I can buy RTR models very different to the 00 offerings (mostly ferry vans) and made to a high standard
I can make new models by butchering other RTR
I can buy RTR coaches so cheaply I can saw them in half without feeling guilty if a project goes completely wrong
I can tackle scratchbuilt models using bogies from the USA, made to a good standard
I can be learning in my hobby without spoiling expensive models
I can have an S160 (a favourite engine)
I can have models of Continental subjects which appeal to me, and use them on my layout
I can build a layout with enough complexity to satisfy in the space available

 

and I accept these limitations ...

My choice of trains is limited to what the scale will allow me rather than what I might want (very much the opposite to 00, where so many prototypes are available RTR or as a kit).
I can have some steam engines, but my choice is limited to doable subjects
I need to concentrate on a layout operation with diesel and electric traction
I will not learn much about kit building - I will have to jump straight from butchering RTR into scratchbuilding
My bullhead rail must be overscale height (regardless of what I might do with the wheels) - I must have code 75 (or conceivably the code 60 from 3SMR) when I really want something about code 68, which no-one makes

 

These various details are pretty trivial on an individual basis, but they are worth more added together. My bottom line is probably, I would like to be P4 but I don't have the space; I want to build my own models; and I get a kick out of doing something a bit off-beat.

I am happy with this, at least at the moment, but I don't expect others to feel the same.

 

- Richard.

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5 minutes ago, 34theletterbetweenB&D said:

In retrospect, I feel the last real chance for general introduction of RTR H0 in the UK was when the Channel tunnel opened. Had a couple of manufacturers been able to agree and sell to the retailers that this constituted a 'reset' opportunity, and that all the loco and stock models of prototypes introduced from then were to be H0, then all D+E would now be H0. 

It's possible that the 'other' Last Chance, the proposed Heljan H0 Class 37, was a bit ahead of it's time. Not just in it's technical spec, which with central can motor & all axle drive was ahead of the then-standard pancake motor bogie, but also it's proposed price of about £100 if I recall, was rather a lot more expensive than most 00 diesels then as well.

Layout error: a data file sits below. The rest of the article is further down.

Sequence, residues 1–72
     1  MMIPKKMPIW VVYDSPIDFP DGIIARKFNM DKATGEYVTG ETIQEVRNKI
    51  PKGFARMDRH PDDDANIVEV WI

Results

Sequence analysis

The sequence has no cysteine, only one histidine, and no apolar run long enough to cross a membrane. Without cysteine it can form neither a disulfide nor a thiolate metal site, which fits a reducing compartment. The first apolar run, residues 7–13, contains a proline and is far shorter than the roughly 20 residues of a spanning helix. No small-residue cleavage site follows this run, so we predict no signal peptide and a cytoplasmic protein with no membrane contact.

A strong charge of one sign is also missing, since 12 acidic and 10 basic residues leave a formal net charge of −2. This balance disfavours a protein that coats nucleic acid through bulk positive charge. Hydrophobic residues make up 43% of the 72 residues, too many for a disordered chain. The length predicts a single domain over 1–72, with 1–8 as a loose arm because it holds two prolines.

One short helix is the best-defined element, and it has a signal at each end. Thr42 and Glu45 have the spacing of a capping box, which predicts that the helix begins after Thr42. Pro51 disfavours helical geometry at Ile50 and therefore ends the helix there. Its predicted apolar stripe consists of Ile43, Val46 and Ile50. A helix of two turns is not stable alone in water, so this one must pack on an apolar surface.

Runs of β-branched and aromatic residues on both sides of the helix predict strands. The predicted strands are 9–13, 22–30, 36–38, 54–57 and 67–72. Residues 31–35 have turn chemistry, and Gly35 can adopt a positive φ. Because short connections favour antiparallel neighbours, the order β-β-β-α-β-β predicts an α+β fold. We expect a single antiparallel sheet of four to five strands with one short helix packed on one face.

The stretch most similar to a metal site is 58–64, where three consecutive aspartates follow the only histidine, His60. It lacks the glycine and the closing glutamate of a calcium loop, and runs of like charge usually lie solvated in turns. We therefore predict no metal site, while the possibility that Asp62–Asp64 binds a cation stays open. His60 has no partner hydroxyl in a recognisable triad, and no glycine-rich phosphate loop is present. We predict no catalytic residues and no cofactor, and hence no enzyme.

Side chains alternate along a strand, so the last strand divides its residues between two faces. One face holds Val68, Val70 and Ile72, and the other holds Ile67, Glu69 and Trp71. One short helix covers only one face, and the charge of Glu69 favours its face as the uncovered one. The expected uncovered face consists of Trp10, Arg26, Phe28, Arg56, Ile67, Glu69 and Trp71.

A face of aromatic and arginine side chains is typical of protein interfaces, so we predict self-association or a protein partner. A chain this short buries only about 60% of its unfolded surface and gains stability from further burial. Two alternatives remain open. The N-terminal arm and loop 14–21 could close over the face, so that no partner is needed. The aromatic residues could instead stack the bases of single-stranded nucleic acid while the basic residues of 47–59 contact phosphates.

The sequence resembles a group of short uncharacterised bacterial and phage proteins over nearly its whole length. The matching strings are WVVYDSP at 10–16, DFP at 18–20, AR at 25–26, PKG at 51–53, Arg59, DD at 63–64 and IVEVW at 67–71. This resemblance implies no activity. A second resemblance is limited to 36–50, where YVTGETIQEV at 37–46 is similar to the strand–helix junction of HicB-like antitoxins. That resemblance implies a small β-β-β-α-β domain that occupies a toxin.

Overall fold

Plus, of course, it was a 'stand alone' product, with no proposed rolling stock to match it - either coaches or wagons, so it was almost bound to fail to turn the tide away from 00.

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.... which is all getting a bit circular. 

 

Why WOULD the British RTR trade suppliers show any interest in “reset buttons” , when they have no real reason to believe that they can sell the resulting product? They are businesses, selling items at a profit (at least, that’s the idea). Hornby, like Marklin or Lionel, are toy manufacturers (well, distributors, anyway) focussed on railways. They make overtly toy-like items like Smokey Joe, and tension-lock couplings, and sell them in large numbers. 

 

 

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31 minutes ago, 47137 said:

It's Sunday evening for me too so here is a bit of brain dump.

 

With H0, I can achieve a good overall appearance, with the trains are in proportion to their track

 

and

I can buy track
I get interoperability with 00
I can work with curves down to radius 2
I can buy RTR models very different to the 00 offerings (mostly ferry vans) and made to a high standard
I can make new models by butchering other RTR
I can buy RTR coaches so cheaply I can saw them in half without feeling guilty if a project goes completely wrong
I can tackle scratchbuilt models using bogies from the USA, made to a good standard
I can be learning in my hobby without spoiling expensive models
I can have an S160 (a favourite engine)
I can have models of Continental subjects which appeal to me, and use them on my layout
I can build a layout with enough complexity to satisfy in the space available

 

and I accept these limitations ...

My choice of trains is limited to what the scale will allow me rather than what I might want (very much the opposite to 00, where so many prototypes are available RTR or as a kit).
I can have some steam engines, but my choice is limited to doable subjects
I need to concentrate on a layout operation with diesel and electric traction
I will not learn much about kit building - I will have to jump straight from butchering RTR into scratchbuilding
My bullhead rail must be overscale height (regardless of what I might do with the wheels) - I must have code 75 (or conceivably the code 60 from 3SMR) when I really want something about code 68, which no-one makes

 

These various details are pretty trivial on an individual basis, but they are worth more added together. My bottom line is probably, I would like to be P4 but I don't have the space; I want to build my own models; and I get a kick out of doing something a bit off-beat.

I am happy with this, at least at the moment, but I don't expect others to feel the same.

 

- Richard.

Nothing stopping you from kit building, we have a range of five British outline HO 1:87 etched brass loco kits (plus three purely foreign ones). Sales in the UK have been utterly minimal but big enough across Europe, particularly in Spain and Portugal.

Michael and Judith Edge

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4 hours ago, rockershovel said: